It’s hard to take something away once you’ve given it to society. It’s even harder when you have no back-up plan. This is the undeniable lesson from the Obamacare debate that we’re witnessing.

At a macro level this is true of the entire Affordable Care Act unto itself as Republicans are finding out. It’s not easy to just make an entire piece of legislation that accounts for 20% of total gross domestic product (GDP) go away. But it’s also true of the individual elements and clauses within the act itself. Pre-existing conditions: don’t touch that! Children covered on their parents’ plan until the age of twenty-six: need it. Federally established essential health benefits and services: an absolute must. If Republicans are to succeed (or, for that matter, if any political party in any jurisdiction is to succeed in this type of bold attempt to overturn a previous administration’s legislation), the focus needs to be on ‘building upon and improving’ instead of ‘repealing and replacing’.

This is as much a lesson in communication and the subtlety of language and word choice as it is about astute health policy, navigating the corridors of power and working in a bipartisan manner. By articulating words like ‘repeal’ and ‘replace’, there is a palpable sense of a void and a hole. And with it a connotation that is inescapable: that repealing and replacing implies I must give something up. To be clear, the use of different words probably would have made a very minor impact in the whole debacle that was the Republican strategy. There still needed to be an actual ‘plan’ that made sense. And there wasn’t.

The behavioural sciences have taught us for decades that ‘taking things away’ elicits a very strong reaction in people. Loss aversion is what we call it. And empirical studies have shown that it’s about twice as powerful psychologically as the prospect of gaining something. And those same behavioural sciences have also taught us that language and words can be critically important drivers of behaviour. It’s bizarre that a president who has used psychology and communication as effectively, if not better, than anyone else who has occupied his seat missed this one.

Before Obamacare became the law of the land, we knew that loss aversion in healthcare was a political hot potato. A survey experiment in 2009, in the midst of the debate over healthcare reform, provides an illustration of loss aversion within the context of health insurance. Respondents to this survey were randomly assigned to one of two different scenarios and then asked to make a hypothetical choice between two healthcare plans (see above).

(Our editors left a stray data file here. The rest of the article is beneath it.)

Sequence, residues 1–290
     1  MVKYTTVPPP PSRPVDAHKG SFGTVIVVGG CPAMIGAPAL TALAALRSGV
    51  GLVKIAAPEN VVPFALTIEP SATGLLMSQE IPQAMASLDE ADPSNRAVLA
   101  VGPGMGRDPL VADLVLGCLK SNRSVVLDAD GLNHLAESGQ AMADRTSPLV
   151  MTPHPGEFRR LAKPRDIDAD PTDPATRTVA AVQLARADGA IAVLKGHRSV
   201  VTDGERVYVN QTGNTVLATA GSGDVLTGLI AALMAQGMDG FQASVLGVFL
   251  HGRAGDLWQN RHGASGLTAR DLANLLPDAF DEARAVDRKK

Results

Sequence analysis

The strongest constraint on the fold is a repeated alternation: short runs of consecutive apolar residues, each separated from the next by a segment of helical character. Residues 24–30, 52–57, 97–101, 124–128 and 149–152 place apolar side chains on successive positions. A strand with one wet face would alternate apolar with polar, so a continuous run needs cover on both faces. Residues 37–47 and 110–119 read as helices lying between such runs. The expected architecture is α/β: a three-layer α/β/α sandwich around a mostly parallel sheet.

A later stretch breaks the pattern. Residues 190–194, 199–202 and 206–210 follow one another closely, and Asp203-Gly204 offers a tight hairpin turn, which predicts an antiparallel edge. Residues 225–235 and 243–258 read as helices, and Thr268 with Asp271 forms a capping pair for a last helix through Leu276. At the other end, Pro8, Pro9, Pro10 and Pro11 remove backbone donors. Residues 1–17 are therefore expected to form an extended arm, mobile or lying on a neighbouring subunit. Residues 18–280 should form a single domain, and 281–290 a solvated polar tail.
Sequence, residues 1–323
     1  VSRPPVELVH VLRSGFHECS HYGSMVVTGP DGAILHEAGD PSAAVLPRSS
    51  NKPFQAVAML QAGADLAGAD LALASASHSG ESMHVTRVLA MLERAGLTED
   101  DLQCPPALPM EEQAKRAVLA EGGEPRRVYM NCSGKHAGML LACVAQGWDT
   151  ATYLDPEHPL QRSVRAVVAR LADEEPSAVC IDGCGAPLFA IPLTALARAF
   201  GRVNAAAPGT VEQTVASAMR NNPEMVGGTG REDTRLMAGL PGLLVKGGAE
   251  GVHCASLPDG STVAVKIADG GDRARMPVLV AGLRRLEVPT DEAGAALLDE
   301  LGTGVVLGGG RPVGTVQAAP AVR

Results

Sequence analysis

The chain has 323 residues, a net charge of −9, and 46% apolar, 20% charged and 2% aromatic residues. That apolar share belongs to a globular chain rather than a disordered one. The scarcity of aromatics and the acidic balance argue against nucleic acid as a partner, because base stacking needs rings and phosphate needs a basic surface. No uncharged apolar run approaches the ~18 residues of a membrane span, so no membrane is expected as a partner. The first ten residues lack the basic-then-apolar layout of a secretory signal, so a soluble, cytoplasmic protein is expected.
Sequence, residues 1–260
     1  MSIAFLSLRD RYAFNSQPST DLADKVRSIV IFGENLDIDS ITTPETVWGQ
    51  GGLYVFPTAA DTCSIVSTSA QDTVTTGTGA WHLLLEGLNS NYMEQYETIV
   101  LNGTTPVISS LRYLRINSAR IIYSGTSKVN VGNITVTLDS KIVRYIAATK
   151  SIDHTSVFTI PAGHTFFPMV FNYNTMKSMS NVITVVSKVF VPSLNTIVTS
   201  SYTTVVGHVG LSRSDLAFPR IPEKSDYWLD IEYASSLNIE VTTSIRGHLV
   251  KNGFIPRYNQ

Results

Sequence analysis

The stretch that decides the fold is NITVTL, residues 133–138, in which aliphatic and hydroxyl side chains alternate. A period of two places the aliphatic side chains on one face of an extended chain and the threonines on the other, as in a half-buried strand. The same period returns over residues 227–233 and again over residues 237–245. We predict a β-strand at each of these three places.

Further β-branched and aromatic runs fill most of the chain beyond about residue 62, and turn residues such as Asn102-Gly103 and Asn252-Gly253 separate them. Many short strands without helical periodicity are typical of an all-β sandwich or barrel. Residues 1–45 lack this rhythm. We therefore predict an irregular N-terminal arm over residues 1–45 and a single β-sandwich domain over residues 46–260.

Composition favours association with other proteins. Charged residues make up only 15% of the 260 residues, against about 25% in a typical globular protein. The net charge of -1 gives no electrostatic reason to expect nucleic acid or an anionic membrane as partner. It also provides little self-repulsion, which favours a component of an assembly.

In both cases, the absence of a lifetime limit on health insurance benefits will cost the respondent $1,000 per year. In the first scenario, the cost will come by foregoing the savings of a plan with a lifetime limit. In the second scenario, the cost is directly tied to the lifetime limit. However, despite the equivalence, the different framing of the options (one emphasising ‘savings’ with the other focusing on ‘cost’) is critical. This example is illustrative of what we have always known (except for a few Republicans in the US apparently) which is that the framing of choices and the presentation of such choices as ‘costs’ vs ‘savings’ can greatly impact perceptions and behaviour in healthcare.

And so, in the end, we continue to regard our neighbours to the south as being caught in an echo chamber of sound bites emanating from two political parties whose views on healthcare are so fundamentally different. The lessons we learn do not stop with loss aversion. Social and public health policy does not afford us the luxury of thinking about the heterogeneity of healthcare. We cannot think of the ‘ones and twos’ in society. We need to take something heterogeneous and treat it as though it were homogeneous. This is hard. Every nation struggles with this harsh reality. And, to be fair, no single nation has managed to get it right. The outside view, however, is that our American neighbours struggle more deeply than others.       Perhaps it is due to partisan politics and political myopia.

Or perhaps it is due to ignoring the most basic lesson of them all: if you have your health, nothing else matters. If you don’t have your health, nothing else matters.

Healthcare’s most important behavioural lesson

This article was originally published here.